2. To Develop Decentralized Teaching and Rural Extension Services

If these departments had an adequate budget, decentralized systems of pediatric teaching could

be developed in order to bring better medical care to rural areas. Provision could be made for

pediatric fellowships in the pediatric departments of an approved medical school. Such fellowships

could not only enable recent graduates to continue special training, but could also snake it possible

to rotate them through periods of service in outlying community hospitals which had established

affiliation with the teaching center. Provision could also be made for a senior member of the

pediatric staff to conduct teaching ward rounds in such affiliated hospitals and to consult with local

physicians. Thus, services of high quality could be extended outward from the medical schools.

Hospitals being newly constructed under the Hospital Survey and Construction Act could be staffed

with resident physicians. Better medical care could be brought into the very areas where deficiencies

in medical care have been shown to exist.

3. To Close the Gap Between Advancing Knowledge and Its Application

This system of decentralizing medical care could also serve to keep physicians in outlying or

rural areas abreast of the latest developments in the teaching centers, to produce better trained

physicians and to close the gap between new knowledge in medical centers and its application to

people in these rural areas. At the same time, better medical care would be brought to the very

areas where medical services are now lacking. Furthermore, the community hospital and the health

centers in outlying or isolated regions would be strengthened by being brought into close affiliation

with university teaching centers. The training of the fellows themselves would be broadened by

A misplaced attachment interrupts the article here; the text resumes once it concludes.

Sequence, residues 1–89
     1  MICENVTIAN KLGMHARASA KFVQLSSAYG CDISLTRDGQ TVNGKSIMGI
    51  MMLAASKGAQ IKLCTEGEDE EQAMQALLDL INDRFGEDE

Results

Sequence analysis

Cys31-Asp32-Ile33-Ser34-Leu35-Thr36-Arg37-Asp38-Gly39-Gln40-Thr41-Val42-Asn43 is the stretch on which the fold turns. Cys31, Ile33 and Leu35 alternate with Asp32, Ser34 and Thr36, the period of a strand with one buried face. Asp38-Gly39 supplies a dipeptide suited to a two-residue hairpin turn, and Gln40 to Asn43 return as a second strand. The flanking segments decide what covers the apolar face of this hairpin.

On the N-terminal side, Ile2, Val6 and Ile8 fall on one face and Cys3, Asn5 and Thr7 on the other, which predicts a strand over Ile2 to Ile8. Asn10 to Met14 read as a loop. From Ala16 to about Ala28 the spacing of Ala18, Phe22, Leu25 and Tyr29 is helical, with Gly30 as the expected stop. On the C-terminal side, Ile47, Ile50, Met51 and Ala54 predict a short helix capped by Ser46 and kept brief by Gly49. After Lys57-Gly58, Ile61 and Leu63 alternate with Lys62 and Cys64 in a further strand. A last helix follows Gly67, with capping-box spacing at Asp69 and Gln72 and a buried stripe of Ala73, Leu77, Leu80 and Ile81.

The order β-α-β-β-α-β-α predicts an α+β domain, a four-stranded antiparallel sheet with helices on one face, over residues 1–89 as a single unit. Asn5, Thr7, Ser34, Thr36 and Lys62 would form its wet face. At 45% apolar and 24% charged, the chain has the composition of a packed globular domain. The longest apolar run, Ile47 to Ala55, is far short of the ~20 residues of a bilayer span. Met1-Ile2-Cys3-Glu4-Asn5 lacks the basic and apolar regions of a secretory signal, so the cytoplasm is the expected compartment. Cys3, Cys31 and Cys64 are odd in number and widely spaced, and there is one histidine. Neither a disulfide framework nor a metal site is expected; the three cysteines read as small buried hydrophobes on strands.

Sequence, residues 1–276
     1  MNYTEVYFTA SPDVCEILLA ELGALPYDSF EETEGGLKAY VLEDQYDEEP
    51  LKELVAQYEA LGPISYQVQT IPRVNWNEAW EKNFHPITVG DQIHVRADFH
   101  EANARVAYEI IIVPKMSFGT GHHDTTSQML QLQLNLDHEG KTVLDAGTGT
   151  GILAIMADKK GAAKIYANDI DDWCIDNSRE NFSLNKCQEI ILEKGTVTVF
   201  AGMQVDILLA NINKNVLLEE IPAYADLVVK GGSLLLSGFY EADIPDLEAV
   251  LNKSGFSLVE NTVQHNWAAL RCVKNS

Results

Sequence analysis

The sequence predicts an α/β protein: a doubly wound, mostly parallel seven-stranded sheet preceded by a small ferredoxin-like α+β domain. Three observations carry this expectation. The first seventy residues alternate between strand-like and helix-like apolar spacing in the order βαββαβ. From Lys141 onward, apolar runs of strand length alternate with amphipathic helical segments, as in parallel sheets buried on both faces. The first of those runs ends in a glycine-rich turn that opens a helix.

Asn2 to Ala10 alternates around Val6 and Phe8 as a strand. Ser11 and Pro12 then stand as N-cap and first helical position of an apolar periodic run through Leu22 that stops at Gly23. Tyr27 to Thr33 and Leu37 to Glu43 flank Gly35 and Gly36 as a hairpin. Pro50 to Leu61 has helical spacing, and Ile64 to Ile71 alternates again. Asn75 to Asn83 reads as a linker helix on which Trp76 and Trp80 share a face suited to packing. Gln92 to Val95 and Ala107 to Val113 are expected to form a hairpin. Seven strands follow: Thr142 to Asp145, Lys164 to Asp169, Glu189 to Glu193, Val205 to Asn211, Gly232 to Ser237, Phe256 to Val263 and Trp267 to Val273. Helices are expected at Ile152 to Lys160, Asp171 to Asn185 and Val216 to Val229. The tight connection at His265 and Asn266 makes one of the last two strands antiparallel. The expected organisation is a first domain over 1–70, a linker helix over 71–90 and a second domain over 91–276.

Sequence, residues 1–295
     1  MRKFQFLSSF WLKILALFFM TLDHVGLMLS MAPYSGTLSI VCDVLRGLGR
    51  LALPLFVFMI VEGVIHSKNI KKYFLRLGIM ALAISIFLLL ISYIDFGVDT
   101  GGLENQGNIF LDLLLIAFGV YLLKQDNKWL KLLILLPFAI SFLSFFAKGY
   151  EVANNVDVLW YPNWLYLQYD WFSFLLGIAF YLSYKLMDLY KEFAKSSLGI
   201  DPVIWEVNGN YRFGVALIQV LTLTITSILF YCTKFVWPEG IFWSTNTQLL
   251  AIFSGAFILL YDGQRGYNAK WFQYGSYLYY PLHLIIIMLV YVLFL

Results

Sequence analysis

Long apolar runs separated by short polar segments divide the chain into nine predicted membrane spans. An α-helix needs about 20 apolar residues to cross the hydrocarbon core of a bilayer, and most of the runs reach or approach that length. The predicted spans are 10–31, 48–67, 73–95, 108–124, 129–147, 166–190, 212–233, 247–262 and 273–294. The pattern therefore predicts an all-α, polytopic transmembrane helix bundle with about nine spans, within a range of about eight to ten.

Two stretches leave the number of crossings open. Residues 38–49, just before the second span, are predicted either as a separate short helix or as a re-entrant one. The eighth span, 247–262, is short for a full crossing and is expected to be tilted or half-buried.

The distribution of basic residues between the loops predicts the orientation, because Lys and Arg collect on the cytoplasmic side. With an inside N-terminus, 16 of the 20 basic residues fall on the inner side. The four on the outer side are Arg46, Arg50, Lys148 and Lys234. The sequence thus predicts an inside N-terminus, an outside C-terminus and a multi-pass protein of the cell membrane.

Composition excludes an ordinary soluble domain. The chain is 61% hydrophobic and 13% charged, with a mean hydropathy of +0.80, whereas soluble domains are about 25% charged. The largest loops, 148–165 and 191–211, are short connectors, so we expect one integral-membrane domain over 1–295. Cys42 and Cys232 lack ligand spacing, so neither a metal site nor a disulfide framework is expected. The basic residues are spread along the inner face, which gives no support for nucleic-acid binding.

their experience and also they might be attracted to practice in the communities concerned.

Thus the process of strengthening pediatric education would appear in its proper light as a means of correcting the maldistribution of medical services and improving the medical care of the community.

Grants-in-aid to Hospitals and Other Teaching Services


They are struggling for their very existence ; unless immediate support becomes available, some

will have to close their doors.

If these hospitals had increased funds available for teaching, better training could be given to

interns and residents which would result in bringing better service to children under their care.

If these hospitals had increased funds, they too could provide pediatric fellowships and

supple-ment medical school services described above.

Other agencies and institutions are concerned in pediatric education and the maintenance of high

standards of teaching, as for example the certifying American Board of Pediatrics.

If such agencies, now limited in scope and function, had adequate financial support, they could

strengthen pediatric education and be better able to serve medical schools, hospitals and the corn-munity.

Grants-in-aid to States for Pediatric Fellowships

Mention has been made of the gaps which the Academy’s Study has revealed in child health

services in rural areas and areas of economic stress. .We knew before the Study was started that

inequalities exist, butt now we have exact information upon which to base positive action to fill

the gaps within the states, within the counties, and within the cities. Physicians must be given

inducements to attract them to these areas of need.

One half of the practicing pediatricians are located in cities having medical schools. States

which do not have a medical school and which lack the opportunities which a medical school offers

must take steps to make up for this handicap.

These needs could be met, at least in part, by grants-in-aid to states to provide for pediatric

fellowships for medical school graduates committed to return to practice in an area of need within

the state receiving the grant.


It is therefore proposed to provide for the improvement of child health by enabling medical

schools, hospitals and other teaching services, and states to give more adequate training to physicians,

both general practitioners and specialists, in regard to medical care and health supervision of

children. For the purposes of meeting the need described above, it is recommended that an

appro-priation of $5,000,000 be authorized to provide for grants-in-aid to be made by the Federal Security

Administration in direct support of pediatric education. Appropriations for subsequent years could

be increased as may become necessary.

Grants-in-aid to Medical Schools